(March 25, 1914)
Born on a farm near Cresco, Iowa. Studied forestry and later plant pathology in the University of Minnesota . A microbiologist with the du Pont de Nemours Foundation; in charge of research on industrial and agricultural bactericides, fungicides, and preservatives. Was involved in scientific research in genetics, plant breeding, plant pathology, entomology, agronomy, soil science, and cereal technology.
As a central figure in the "green revolution". Has collaborated with Mexican scientists on problems of wheat improvement. Has also collaborated with scientists from India and Pakistan in adapting the new wheats to new lands and in gaining acceptance for their production. An eclectic, pragmatic, goal-oriented scientist, he accepts and discards methods or results in a constant search for more fruitful and effective ones, while at the same time avoiding the pursuit of what he calls "academic butterflies".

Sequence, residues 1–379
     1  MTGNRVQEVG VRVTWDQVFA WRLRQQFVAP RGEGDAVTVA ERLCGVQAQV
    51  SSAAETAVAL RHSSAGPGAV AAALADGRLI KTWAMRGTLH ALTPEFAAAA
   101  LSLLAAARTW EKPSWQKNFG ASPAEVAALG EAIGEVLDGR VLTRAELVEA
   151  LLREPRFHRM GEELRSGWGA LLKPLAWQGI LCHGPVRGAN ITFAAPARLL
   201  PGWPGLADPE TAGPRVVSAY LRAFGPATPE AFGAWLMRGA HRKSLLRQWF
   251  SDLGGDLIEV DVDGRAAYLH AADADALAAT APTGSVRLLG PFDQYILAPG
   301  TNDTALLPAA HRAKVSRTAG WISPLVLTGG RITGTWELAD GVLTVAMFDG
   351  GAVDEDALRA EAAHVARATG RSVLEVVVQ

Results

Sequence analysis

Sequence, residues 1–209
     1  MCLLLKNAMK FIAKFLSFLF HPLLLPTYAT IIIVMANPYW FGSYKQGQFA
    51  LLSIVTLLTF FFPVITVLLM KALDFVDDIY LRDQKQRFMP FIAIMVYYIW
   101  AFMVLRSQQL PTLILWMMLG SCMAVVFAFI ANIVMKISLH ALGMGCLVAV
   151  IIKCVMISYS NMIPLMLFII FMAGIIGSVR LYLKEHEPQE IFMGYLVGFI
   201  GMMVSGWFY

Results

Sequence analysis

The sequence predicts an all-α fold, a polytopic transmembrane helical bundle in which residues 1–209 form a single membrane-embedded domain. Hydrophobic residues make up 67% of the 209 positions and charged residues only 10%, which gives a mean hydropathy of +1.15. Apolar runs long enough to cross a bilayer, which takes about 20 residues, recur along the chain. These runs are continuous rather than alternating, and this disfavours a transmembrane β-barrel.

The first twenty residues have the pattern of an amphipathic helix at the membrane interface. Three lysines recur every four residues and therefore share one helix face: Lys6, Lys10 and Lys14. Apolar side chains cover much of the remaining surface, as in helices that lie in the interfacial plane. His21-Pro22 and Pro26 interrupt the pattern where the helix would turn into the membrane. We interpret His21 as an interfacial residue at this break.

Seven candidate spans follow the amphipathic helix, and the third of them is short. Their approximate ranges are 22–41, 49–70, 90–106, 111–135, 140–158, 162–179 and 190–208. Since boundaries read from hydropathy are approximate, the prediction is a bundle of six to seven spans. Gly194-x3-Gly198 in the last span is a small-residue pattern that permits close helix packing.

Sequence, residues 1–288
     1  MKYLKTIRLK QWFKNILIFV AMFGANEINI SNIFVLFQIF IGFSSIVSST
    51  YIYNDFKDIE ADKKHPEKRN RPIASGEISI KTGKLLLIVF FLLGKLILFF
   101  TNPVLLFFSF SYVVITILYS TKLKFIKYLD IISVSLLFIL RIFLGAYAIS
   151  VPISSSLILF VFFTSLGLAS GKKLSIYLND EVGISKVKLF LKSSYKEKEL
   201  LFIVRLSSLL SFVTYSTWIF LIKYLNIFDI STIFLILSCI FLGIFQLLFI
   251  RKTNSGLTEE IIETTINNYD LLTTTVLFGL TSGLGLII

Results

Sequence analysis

In addition to the Nobel Peace Prize, has received extensive recognition from universities and organizations in six countries: Canada, India, Mexico, Norway, Pakistan, and the United States.